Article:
An investigation carried out by cybersecurity firm Rapid7 indicated that over 82% of public-facing Exchange servers remained vulnerable and had not yet had their patches applied. The firm’s scan showed up 433,464 publicly-accessible Exchange servers, and at least 357,629 were vulnerable to an attack exploiting the CVE-2020-0688 flaw.
Many proof-of-concept exploits for the flaw have been made available on GitHub, and there have been reports of nation state Advanced Persistent Threat groups planning to exploit the flaw using brute force tactics to obtain credentials and credentials obtained in previous data breaches.
If the flaw is successfully targeted, hackers would be able to gain access to Exchange Servers and compromise the complete Exchange environment. That would allow them to obtain all emails, create new email accounts, falsify messages, and remotely execute code on impacted servers with SYSTEM privileges.
Microsoft previously said there are no mitigations or workarounds that can be configured to obstruct exploitation. The only way to hinder the flaw from being leveraged is to ensure the patch is applied on all susceptible servers.
Since attacks are known to have taken place, in addition to applying the patch, administrators should also see if attacks have already been carried out and have been successful.
Rapid7 recommends Exchange administrators should examine Windows Event and IIS logs for signs of a hack. Any email accounts that have been infiltrated and used in attacks on Exchange servers will leave traces of the exploit code in log files.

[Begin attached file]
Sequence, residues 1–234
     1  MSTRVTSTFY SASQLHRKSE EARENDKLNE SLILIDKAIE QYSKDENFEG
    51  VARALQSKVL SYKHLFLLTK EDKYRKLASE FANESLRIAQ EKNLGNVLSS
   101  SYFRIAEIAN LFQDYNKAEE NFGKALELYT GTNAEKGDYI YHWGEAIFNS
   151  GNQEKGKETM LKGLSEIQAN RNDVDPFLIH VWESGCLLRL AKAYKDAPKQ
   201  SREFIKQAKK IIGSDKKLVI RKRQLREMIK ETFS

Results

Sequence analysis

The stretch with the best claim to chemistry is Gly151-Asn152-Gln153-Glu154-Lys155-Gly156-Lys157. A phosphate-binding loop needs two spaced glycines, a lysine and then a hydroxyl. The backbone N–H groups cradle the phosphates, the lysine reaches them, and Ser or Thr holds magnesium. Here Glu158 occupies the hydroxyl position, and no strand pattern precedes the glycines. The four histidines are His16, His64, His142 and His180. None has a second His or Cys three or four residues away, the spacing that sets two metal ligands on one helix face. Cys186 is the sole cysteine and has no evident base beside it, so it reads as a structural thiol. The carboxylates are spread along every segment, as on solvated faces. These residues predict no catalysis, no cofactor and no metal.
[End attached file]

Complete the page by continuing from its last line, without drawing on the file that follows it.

Along with locating a worrying number of Exchange servers susceptible to the CVE-2020-0688 vulnerability, the researchers also found a worrying amount of Exchange servers were missing several updates for other critical flaws. The experts found 31,000 Exchange servers that had not received an update since 2012 and 800 Exchange servers that had never been updated.
Rapid7 remarked: “The exploit attempts show up in the Windows Application event log with source MSExchange Control Panel, level Error, and event ID 4. This log entry will include the compromised user account as well as a very long error message that includes the text Invalid viewstate. What you are seeing is portions of the encoded payload. You can also review your IIS logs for requests to a path under /ecp (usually /ecp/default.aspx), which contain the string __VIEWSTATE and __VIEWSTATEGENERATOR.”
From this October, Microsoft will be discontinuing support for Exchange 2010 and it is worrisome there are still 166,000 public-facing Exchange servers still operating Exchange 2010 so close to the end of support date.